Howard Gardner: The Theory Of Multiple Intelligences

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The theory of multiple intelligences was developed by psychologist Howard Gardner, Professor of Education at Harvard University, in the late 1970’s and early 1980’s. Gardner’s early work in psychology and later in human cognition led to the development of the initial seven intelligences. Today there are eight or nine intelligences and the possibility of others may eventually expand the list. Why eight or nine? For one simple reason, because that the ninth intelligence, meaning the Existential one, has been alluded to by Gardner, yet has never been fully confirmed, endorsed or described.
Gardner 's Multiple Intelligences theory is a very useful model for developing a systematic approach to nurturing and teaching children and honouring their individual needs and strengths within a classroom setting. The theory of Multiple Intelligences includes the notion that each person is smart in all seven (or nine) types of intelligences. According to Gardner, each individual possesses each type of intelligence in varying degrees, stronger in some ways and less developed in others.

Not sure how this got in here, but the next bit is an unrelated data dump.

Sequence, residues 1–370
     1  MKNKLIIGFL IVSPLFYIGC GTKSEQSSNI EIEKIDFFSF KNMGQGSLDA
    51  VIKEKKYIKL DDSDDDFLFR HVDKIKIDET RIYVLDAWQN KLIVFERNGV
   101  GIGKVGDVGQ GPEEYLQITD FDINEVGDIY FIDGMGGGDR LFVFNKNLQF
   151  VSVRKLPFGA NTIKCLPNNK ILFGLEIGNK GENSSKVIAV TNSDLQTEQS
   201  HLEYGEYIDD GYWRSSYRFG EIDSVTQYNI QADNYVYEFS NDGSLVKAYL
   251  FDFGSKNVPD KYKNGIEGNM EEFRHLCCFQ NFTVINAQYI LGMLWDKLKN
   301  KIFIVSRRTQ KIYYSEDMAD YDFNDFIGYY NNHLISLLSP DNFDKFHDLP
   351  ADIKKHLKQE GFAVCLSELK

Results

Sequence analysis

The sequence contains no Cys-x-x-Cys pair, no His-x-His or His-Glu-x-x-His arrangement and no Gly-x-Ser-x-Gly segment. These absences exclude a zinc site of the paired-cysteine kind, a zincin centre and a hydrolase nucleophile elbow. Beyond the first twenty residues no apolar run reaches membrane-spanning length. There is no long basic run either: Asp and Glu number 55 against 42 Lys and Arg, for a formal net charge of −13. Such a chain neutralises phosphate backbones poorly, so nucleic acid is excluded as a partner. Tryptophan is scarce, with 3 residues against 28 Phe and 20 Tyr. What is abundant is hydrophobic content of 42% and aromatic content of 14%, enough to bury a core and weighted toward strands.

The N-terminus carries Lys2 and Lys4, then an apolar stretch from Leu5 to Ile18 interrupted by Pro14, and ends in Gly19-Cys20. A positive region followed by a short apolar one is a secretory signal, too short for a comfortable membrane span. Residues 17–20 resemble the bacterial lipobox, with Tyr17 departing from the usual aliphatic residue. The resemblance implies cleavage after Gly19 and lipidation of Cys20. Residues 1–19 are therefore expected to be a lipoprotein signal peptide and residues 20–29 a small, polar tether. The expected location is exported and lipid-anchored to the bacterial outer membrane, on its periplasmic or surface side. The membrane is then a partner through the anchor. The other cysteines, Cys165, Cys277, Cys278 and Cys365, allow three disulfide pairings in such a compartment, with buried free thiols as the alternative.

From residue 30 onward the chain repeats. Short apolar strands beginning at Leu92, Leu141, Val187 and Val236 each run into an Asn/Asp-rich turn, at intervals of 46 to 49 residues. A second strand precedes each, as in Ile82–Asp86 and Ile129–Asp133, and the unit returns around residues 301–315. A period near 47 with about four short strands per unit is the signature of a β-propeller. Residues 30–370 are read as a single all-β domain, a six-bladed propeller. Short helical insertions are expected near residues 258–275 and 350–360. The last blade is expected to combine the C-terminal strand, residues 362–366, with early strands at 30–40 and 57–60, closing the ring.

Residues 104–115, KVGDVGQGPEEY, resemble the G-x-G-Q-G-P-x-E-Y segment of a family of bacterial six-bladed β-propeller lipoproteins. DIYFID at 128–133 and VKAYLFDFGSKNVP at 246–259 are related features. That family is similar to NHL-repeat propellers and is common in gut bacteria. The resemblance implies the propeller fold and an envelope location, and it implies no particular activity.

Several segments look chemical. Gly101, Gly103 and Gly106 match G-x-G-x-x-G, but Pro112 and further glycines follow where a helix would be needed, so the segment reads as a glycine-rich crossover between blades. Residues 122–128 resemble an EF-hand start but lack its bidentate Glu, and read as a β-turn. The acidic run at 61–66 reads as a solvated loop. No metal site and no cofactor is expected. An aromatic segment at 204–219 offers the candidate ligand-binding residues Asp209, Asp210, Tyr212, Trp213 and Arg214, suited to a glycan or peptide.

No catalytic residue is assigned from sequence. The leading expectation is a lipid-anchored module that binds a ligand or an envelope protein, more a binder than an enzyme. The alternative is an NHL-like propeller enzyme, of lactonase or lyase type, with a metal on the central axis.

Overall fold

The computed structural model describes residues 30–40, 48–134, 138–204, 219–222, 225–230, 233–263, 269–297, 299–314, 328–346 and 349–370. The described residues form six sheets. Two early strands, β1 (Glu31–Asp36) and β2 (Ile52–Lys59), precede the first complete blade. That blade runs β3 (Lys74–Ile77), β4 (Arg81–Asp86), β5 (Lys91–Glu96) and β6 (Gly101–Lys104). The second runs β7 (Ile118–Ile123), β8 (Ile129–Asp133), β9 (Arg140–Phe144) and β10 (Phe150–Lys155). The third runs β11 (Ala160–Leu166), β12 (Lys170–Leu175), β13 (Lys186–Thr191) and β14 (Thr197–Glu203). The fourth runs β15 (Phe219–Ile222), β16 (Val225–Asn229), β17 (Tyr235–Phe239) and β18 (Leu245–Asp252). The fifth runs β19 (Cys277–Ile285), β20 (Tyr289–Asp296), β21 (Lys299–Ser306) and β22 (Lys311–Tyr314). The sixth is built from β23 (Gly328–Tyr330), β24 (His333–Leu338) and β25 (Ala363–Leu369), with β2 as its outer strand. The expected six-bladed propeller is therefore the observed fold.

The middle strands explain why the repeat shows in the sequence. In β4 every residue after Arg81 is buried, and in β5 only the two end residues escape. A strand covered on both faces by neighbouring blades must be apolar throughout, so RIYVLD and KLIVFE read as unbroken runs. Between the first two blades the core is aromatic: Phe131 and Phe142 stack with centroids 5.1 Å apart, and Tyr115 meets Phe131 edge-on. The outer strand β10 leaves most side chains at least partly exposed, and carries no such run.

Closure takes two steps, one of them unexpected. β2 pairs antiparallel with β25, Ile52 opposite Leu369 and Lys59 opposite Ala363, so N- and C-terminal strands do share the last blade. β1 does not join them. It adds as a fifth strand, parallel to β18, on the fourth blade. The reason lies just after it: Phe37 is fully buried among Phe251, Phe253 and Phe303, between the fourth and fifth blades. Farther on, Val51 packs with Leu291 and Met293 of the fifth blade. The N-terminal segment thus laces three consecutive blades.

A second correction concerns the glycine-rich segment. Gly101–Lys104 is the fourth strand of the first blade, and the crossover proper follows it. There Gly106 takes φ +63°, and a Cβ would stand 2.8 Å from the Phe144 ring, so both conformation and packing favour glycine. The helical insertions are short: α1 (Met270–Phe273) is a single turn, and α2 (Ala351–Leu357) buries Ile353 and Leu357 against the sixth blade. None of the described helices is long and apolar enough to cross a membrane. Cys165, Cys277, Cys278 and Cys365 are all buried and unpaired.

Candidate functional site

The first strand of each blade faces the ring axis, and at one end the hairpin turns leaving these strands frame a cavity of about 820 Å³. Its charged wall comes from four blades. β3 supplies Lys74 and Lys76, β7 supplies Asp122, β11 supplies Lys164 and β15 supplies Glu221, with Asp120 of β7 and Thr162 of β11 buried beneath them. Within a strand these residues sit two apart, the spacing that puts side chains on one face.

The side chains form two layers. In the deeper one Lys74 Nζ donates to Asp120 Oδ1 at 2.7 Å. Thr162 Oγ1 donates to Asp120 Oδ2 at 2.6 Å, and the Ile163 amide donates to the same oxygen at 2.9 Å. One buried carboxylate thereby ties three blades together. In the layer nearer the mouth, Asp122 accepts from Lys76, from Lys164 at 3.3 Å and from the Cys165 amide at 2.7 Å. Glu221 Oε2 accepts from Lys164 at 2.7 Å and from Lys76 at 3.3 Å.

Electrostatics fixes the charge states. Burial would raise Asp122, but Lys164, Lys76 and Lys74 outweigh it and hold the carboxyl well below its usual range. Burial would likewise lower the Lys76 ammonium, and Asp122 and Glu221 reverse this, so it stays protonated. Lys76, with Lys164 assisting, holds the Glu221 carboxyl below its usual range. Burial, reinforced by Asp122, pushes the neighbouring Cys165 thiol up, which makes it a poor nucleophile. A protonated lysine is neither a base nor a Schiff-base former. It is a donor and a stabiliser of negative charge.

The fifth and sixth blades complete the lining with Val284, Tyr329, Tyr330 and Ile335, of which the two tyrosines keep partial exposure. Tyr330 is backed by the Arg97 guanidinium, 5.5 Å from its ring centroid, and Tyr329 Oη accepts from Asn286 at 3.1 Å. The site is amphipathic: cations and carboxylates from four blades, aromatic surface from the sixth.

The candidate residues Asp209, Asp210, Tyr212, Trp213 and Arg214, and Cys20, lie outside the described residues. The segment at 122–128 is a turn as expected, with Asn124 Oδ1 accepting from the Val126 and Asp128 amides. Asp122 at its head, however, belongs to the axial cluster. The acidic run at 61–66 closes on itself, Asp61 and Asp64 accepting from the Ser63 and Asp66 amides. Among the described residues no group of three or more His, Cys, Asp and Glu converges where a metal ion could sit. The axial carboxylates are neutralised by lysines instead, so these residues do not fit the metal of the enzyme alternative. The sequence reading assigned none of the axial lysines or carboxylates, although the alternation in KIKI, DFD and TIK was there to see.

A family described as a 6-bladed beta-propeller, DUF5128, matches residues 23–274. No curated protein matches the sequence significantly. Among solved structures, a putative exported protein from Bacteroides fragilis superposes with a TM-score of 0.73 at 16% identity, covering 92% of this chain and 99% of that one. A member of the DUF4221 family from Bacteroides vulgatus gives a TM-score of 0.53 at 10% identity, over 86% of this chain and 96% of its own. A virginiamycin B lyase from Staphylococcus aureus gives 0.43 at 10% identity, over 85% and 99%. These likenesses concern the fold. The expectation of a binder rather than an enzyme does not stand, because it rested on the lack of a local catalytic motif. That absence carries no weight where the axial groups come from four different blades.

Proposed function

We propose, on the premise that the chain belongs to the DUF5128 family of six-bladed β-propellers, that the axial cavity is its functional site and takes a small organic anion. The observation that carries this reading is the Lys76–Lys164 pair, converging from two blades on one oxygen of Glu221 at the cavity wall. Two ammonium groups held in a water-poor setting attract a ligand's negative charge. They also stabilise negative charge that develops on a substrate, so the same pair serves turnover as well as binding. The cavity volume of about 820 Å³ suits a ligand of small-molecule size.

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By broadening one’s view of intelligence, as well as valuing and nurturing abilities other than mathematics and reading, doors can be opened by using the strength of children as a means of complementing their less developed area. Furthermore, by applying the theory of Multiple Intelligences, towards students, leads to a better understanding of them, of their needs and of their perception of the world.
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